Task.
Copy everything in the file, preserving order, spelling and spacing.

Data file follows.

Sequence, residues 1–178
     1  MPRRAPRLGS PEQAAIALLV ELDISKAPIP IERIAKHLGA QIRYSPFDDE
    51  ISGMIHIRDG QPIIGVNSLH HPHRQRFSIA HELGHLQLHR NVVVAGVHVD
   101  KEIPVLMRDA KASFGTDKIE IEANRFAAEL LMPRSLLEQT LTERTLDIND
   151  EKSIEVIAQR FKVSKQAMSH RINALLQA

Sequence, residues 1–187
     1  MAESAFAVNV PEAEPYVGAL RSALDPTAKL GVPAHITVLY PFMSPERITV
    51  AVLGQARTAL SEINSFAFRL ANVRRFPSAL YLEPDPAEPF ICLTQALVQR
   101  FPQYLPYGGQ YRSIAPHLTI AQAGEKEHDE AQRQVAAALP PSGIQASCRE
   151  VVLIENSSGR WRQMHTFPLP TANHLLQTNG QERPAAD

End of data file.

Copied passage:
Sequence, residues 1–178
     1  MPRRAPRLGS PEQAAIALLV ELDISKAPIP IERIAKHLGA QIRYSPFDDE
    51  ISGMIHIRDG QPIIGVNSLH HPHRQRFSIA HELGHLQLHR NVVVAGVHVD
   101  KEIPVLMRDA KASFGTDKIE IEANRFAAEL LMPRSLLEQT LTERTLDIND
   151  EKSIEVIAQR FKVSKQAMSH RINALLQA

Sequence, residues 1–187
     1  MAESAFAVNV PEAEPYVGAL RSALDPTAKL GVPAHITVLY PFMSPERITV
    51  AVLGQARTAL SEINSFAFRL ANVRRFPSAL YLEPDPAEPF ICLTQALVQR
   101  FPQYLPYGGQ YRSIAPHLTI AQAGEKEHDE AQRQVAAALP PSGIQASCRE
   151  VVLIENSSGR WRQMHTFPLP TANHLLQTNG QERPAAD